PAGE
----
It’s safe to say country music doesn’t sound like it used to. Gone are the days of Merle Haggard or Hank Williams, and it’s more likely you’ll hear a rap breakdown than a steel guitar on the latest country radio hit. But as some traditionalists continue the rip-roaring disdain of modern country music, longtime musician Dale Watson couldn’t give less of a damn about complaining. He’s paving his own way.
Over four decades of performing, from the rowdiest honky tonks to the Grand Ole Opry, Watson has worked his way to the center of traditional, old-school country or “Ameripolitan” music, as he redefines the genre. This is what Watson refers to as “real country.” He’s also been a regular troubadour around Columbia since the mid-2000s and headlined the second Roots N Blues N BBQ Festival in 2008. Follow along as Vox walks you through Dale Watson’s path to Columbia for his show at Rose Music Hall on May 16.
1980 – It runs in the family
Watson’s life in music began at an early age. His father, an ex-Marine, sang in a country band, and Watson wanted to follow in his footsteps. The first time he ever got on stage, it didn’t quite go as planned: He got stage fright and ran off. But a few years later, he went to a honky-tonk bar with his brothers, and his life drastically altered. At 18 years old, Watson quit his day job and joined his brothers’ honky-tonk band. In 1988, he took a chance on on a solo career and left Texas to pursue country music in Los Angeles.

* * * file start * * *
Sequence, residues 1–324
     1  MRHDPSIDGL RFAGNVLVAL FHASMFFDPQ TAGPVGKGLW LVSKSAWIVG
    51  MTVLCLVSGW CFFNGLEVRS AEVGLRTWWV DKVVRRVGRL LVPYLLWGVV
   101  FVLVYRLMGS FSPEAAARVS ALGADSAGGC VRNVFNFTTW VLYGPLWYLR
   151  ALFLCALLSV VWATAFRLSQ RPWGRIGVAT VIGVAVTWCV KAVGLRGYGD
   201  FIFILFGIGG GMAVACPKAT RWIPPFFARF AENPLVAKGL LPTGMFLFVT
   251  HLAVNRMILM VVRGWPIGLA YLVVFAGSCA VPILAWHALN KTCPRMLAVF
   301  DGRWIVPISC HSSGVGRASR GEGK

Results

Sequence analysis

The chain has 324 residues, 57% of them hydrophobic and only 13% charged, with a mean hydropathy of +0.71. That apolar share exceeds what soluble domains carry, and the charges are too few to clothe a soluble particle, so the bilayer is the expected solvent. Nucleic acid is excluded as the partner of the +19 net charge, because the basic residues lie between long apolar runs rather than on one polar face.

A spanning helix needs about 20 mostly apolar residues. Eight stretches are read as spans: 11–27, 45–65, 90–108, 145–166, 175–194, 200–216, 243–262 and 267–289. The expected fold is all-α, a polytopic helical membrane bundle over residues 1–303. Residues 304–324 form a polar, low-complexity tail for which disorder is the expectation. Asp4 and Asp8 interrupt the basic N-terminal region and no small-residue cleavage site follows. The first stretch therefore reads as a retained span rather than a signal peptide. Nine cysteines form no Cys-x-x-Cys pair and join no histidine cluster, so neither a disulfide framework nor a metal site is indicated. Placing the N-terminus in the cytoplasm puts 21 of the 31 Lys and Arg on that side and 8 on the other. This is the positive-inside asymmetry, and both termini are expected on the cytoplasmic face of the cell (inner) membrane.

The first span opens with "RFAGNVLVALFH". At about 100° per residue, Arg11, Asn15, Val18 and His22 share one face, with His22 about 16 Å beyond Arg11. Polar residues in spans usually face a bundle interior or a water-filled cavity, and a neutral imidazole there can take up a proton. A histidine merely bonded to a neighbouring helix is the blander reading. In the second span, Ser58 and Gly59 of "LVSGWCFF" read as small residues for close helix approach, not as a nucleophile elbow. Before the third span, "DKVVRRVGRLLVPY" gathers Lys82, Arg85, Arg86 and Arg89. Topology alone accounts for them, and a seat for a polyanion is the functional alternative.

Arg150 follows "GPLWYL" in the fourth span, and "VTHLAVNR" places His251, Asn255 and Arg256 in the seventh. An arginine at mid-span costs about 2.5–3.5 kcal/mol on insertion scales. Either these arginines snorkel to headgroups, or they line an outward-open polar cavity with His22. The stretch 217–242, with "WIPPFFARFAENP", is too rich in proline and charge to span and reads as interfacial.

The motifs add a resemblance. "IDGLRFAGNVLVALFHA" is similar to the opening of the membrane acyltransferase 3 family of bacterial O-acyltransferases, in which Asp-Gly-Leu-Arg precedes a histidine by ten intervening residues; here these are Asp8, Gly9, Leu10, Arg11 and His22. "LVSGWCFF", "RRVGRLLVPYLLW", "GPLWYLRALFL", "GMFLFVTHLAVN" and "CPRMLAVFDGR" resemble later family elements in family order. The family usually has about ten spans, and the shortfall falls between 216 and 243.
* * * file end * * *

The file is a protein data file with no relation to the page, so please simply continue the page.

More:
1988 – Leaving for La La Land
The big city had a lot to offer the small-town man. He snagged a job at an alt-country venue and quickly began recording. “Hollywood was way different,” Watson says, referring to the culture shock he faced after moving to one of the most tantalizing cities in the U.S. “At the end of the day, it’s the best move I ever made for my career.” His bet paid off when, four years later, he landed a gig in Nashville writing songs under country icon Gary Morris.
1992 – Grand Ole disappointment
Nashville ignited a passion in Watson — but not in a good way. Constantly pressured to conform his traditional country sound into the commercial pop-crossover the industry preferred, he grew to hate the Nashville scene. So, Watson left the pop-country hotbed and returned to Texas with a bad case of Nashville rash and a revived drive to write songs. It resulted in his 1995 debut album, Cheatin’ Heart Attack, which propelled him into the spotlight of “real country” revivalists. Watson continued to record, from The Trucking Sessions, a work dedicated to a love of the open road, to The Sun Sessions, an acclaimed record made in the spirit of Johnny Cash’s earliest recordings.
2013 – Bye, bye, country
Watson completely severed ties with mainstream country in 2013 after an infamous Twitter battle between Blake Shelton and what he called the “old farts” of country, where Shelton argued the industry needed to modernize in order to keep people’s attention. If country music wanted to abandon its roots, then Watson would continue them under a new genre: Ameripolitan, a catch-all term for outlaw, western swing, rockabilly and honky tonk, or as he describes it, “All the things country music doesn’t wanna be.”
2014 – Hello, Ameripolitan
Fully embracing the torchbearer title, Watson boycotted the Country Music Awards and instead created an awards show to reward and motivate the music he cares about: the Ameripolitan Music Awards. He says the success of the awards show, which is in its fourth year, is his proudest accomplishment. “We’re really keeping the torch going for these people and encouraging them to keep roots in their music and keep doing what they’re doing without compromising.”